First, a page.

CEOs and owners are often brilliant people that come up with great strategies for growing their businesses. But for some reason, sometimes the strategy doesn't work. It could be a flawed strategy or poor execution, but it could also be that they have the wrong team in place.
Your team is the lifeblood of your organization, and its effectiveness depends on how well the team members work together. If you've got the best people in the correct positions, they will tell you what is needed and how to get there. If you don't, chances are you won't meet goals or grow.
According to Team Stage, "97% of workers and employers believe that the lack of team alignment influences the success of a task or project." Similarly, the team can become unstoppable when everyone knows their goals and tasks and is clear on how to accomplish them.
The biggest issue for any company tends to be around how well the team is performing. Ask yourself these questions to know if you have the right people on board with you.
If your answer to any of these is "No" or "I don't know," then you should probably examine this area a little deeper.
Salespeople can be the hardest working, most motivated, well-intentioned, and loyal people. However, if they don't know HOW to do what you need them to do, then you might not have the right people for your team.
The hardest part about realizing that an individual is no longer a fit is that at some point they had been the right person for your team. But the company's needs may have progressed, and this person may not align with the company strategy any longer.
So how do you figure out if you have the right team or the wrong team? To start with, you need to define what your team should be good at doing.
Every salesperson has a different approach to meeting expectations. Gallup's teamwork survey indicates that team member independence pays off. Employees who know what they are supposed to accomplish and are allowed to work freely are six times more likely to be engaged in doing their jobs.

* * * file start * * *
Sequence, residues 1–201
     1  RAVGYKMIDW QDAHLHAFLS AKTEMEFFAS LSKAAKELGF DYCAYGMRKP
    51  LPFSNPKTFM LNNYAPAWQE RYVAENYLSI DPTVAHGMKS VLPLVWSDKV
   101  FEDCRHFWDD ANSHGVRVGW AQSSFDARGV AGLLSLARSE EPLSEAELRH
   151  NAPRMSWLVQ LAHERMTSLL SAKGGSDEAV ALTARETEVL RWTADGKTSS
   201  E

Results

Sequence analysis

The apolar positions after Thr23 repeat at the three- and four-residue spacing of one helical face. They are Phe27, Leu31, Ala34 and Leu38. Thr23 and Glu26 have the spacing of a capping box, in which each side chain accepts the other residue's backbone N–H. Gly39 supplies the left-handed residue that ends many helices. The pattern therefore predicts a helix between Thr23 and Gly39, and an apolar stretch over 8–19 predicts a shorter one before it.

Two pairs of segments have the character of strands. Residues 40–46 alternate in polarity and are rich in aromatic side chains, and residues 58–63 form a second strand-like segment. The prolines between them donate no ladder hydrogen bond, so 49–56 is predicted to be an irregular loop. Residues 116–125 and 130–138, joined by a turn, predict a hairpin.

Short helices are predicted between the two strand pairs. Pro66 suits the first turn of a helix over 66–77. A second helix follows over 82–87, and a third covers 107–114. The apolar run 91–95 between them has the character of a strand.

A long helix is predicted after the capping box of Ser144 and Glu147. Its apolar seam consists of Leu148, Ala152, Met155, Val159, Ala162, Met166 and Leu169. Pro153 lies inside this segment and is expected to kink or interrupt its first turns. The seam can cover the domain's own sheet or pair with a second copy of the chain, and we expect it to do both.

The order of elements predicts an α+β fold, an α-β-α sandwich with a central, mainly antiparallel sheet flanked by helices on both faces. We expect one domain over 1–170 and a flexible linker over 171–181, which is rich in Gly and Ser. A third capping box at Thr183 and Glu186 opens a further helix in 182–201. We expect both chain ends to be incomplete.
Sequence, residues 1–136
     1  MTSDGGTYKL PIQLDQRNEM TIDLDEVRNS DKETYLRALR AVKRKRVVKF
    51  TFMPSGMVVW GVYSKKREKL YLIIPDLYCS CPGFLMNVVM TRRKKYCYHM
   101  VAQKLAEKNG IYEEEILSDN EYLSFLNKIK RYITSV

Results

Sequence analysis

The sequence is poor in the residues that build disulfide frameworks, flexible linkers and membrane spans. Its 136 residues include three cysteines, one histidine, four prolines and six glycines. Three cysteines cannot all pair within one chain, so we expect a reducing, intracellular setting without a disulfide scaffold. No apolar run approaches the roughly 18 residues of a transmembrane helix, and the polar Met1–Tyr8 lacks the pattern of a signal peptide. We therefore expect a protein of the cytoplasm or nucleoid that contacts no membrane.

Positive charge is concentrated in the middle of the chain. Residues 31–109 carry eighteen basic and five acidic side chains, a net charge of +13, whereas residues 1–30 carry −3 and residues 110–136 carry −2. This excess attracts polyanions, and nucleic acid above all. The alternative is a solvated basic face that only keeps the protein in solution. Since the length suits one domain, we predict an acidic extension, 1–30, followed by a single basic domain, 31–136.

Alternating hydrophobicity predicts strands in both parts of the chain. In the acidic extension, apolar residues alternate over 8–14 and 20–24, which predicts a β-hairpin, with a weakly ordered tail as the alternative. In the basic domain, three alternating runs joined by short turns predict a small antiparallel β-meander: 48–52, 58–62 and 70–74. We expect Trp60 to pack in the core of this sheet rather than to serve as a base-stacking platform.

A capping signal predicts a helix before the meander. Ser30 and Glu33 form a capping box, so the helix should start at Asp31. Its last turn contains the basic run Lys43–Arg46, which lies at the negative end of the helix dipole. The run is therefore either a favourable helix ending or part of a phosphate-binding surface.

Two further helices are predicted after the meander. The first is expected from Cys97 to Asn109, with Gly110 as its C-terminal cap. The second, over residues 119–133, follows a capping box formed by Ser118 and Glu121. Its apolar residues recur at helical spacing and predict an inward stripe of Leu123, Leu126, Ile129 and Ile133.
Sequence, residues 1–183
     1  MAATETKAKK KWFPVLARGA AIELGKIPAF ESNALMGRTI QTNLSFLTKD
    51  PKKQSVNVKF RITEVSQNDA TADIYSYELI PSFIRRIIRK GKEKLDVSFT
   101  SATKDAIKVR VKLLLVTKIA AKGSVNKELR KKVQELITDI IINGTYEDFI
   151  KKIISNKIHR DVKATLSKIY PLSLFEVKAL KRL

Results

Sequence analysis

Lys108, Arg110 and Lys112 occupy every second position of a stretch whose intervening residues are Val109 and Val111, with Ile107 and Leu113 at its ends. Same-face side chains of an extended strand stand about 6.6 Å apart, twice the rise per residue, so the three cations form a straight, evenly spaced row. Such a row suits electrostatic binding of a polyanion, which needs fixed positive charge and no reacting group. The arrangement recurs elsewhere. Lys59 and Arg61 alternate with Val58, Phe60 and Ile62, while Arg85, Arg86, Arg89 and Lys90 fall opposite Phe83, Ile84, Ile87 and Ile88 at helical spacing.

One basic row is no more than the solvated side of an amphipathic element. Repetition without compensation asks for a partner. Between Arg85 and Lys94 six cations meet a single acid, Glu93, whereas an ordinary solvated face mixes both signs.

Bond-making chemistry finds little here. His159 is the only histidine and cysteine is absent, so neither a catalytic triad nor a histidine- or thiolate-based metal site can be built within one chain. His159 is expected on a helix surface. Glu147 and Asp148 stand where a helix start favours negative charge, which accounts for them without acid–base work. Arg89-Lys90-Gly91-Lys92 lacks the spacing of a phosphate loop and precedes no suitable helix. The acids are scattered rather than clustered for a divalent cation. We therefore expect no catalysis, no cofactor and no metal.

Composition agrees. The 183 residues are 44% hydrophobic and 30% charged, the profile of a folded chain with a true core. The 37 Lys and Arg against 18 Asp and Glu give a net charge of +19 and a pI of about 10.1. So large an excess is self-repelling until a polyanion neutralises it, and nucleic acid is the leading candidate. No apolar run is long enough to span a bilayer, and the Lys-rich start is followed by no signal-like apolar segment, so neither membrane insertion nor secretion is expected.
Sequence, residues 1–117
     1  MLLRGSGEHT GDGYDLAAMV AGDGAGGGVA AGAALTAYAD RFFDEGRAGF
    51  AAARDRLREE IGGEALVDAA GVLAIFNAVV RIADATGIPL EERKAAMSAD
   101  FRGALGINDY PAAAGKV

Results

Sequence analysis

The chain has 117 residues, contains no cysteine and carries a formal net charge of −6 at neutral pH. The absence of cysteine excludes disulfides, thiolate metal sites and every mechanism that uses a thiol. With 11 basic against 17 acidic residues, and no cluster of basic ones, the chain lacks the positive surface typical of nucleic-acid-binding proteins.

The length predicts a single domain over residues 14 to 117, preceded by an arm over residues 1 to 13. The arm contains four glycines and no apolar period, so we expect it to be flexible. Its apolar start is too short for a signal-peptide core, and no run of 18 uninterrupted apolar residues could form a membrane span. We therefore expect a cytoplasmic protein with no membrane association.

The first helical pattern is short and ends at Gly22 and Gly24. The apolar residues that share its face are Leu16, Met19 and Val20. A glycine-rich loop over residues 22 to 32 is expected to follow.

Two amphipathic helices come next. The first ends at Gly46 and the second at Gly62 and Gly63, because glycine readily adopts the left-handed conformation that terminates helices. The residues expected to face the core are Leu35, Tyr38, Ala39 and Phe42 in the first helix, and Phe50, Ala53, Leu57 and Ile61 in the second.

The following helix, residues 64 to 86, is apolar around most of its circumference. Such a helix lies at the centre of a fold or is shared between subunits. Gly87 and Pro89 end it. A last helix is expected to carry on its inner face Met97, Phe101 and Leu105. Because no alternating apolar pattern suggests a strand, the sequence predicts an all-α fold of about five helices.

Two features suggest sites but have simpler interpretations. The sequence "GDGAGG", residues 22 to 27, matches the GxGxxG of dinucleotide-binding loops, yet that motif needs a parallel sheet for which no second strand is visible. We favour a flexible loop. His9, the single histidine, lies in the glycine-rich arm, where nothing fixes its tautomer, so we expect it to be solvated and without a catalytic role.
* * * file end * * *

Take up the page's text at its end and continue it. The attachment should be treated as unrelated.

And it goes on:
Your job is to clearly define what they need to be good at doing:
Now, break it down even more. Setting expectations for your employees is an essential responsibility that many business owners may gloss over or struggle to do well. Clear expectations benefit not only your team but also the company. For example, if you need your salespeople to land new accounts, further define what that means within your organization.
Ask the following questions:
The idea is to nail down all the things they need to be good at performing.
After defining your list of expectations and tasks, you'll want to rank them. Most salespeople aren't good at everything. Of all the things they need to be good at, what are the four to five most important?
Compare your people against the list:
Make your action plan to close those gaps:
The bottom line is that your plan and strategy requires specific competencies to execute. If your team doesn't have them, you may have a problem.
If you have the wrong team in place, that could negatively influence your company's growth. Defining what you need your team to do, ranking that list, finding and addressing the gaps, and setting clear direction will help your company grow and thrive.
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